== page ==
Patient Age Influences Outcomes of Hip Hemiarthroplasty For
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The most common arthroplasty procedure for a broken femur neck is hip hemiarthroplasty (FNOF). In some cases, a revision to complete hip arthroplasty (THA) is needed. The aim of this study was to evaluate the outcome of hemiarthroplasty that had been converted to THA, as well as the effects of femoral head size, dual mobility (DM), and constrained liners.

The study included all aseptic first revisions submitted to the Australian Joint Replacement Registry after hemiarthroplasty for FNOF with a THA as the revision protocol. The combined percent revision for all-cause and dislocation was the primary outcome variable. The effects of standard-head THA (less than 32mm), large-head THA (more than 36mm), DM, and restricted liners on revision THA were studied. Kaplan Meyer and competing danger were used to compare outcomes.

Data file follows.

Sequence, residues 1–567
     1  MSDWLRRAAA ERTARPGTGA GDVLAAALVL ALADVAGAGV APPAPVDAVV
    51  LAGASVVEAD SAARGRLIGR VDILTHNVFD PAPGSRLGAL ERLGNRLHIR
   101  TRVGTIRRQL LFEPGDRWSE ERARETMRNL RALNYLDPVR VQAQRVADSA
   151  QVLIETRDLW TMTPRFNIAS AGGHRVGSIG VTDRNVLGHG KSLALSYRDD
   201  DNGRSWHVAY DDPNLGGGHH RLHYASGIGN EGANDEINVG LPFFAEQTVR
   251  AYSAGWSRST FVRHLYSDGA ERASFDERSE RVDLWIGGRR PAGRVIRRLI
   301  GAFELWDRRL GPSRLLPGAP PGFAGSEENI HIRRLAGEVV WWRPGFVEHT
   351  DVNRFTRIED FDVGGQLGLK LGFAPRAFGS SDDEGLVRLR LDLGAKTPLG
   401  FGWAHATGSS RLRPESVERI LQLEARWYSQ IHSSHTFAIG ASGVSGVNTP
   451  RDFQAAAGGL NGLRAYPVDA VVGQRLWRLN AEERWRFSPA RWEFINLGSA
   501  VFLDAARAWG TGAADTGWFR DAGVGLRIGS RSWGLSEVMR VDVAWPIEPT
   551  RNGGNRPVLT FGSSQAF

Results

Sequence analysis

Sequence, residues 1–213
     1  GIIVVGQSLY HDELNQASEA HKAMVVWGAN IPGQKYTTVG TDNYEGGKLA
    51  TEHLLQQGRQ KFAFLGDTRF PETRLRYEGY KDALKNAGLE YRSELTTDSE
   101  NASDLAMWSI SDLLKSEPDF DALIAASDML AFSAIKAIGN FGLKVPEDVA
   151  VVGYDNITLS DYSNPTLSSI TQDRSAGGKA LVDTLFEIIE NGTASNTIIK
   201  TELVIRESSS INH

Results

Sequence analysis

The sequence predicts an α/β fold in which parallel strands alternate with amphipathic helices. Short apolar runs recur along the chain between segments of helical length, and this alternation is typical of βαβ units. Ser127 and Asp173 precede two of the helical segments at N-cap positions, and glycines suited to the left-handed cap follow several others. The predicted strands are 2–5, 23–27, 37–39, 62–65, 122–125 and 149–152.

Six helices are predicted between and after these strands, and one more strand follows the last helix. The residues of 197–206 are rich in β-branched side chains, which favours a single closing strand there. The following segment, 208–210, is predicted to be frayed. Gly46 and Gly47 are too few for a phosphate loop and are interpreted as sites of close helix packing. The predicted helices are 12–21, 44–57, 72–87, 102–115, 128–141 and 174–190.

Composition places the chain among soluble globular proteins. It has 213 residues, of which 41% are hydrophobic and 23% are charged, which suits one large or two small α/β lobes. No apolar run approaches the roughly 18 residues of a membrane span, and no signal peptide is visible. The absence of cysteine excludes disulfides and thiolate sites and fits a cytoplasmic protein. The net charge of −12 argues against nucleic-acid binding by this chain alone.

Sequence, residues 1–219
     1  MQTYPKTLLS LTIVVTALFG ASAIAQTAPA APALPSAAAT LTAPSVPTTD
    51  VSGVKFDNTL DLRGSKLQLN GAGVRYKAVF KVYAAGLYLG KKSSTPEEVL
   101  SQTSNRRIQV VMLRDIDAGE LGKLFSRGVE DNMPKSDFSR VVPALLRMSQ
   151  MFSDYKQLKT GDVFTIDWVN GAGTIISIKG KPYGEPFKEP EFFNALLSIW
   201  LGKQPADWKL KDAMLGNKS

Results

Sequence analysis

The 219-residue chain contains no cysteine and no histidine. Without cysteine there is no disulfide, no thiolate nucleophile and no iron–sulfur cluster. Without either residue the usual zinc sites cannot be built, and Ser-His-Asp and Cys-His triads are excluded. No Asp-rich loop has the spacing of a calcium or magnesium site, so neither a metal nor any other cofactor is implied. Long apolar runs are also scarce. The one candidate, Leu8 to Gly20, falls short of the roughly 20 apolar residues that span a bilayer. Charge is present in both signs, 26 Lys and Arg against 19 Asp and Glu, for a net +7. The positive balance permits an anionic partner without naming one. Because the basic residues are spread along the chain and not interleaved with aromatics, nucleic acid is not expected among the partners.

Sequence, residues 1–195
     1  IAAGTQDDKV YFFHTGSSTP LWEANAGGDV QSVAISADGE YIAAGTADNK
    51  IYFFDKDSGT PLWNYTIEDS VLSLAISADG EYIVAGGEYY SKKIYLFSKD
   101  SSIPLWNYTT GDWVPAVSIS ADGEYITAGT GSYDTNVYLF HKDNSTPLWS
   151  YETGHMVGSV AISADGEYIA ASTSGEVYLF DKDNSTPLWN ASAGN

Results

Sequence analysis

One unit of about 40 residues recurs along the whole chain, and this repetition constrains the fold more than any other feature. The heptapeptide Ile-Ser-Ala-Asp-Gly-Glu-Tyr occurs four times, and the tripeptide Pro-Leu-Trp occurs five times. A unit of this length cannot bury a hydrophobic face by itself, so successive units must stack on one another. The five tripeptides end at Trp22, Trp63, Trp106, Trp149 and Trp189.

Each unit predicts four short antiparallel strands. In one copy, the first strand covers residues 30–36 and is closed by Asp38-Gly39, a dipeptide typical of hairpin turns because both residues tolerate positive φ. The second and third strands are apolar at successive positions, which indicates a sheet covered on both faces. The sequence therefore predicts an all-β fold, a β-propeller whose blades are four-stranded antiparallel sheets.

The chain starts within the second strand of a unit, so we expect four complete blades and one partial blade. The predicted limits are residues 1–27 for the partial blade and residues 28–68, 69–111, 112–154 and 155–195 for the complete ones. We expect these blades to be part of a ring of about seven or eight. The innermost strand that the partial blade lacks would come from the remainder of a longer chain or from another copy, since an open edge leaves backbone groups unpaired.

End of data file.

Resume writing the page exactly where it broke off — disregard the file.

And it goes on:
Results:
--There were 96,861 hemiarthroplasties performed, with 985 revised to THA. The most common reasons for 1st revision were loosening (49.3%), fracture (17.7%) and dislocation (11.0%).

--Of the hemiarthroplasty procedures revised to THA, 76 had a 2nd revision. The most common reasons for 2nd revision were fracture, dislocation, loosening and infection.

--Femoral head size, DM or constrained liner use did not alter the incidence of all-cause 2nd revision. This did not change when solely looking at patients still alive. A 2nd revision was more likely in patients aged less than 75 years.

The Patient's Age, & not the Articulation used, influences the outcome of hemiarthroplasty performed for FNOF revised to THA.

Source: https://www.sciencedirect.com/science/article/abs/pii/S0883540321003429?dgcid=rss_sd_all
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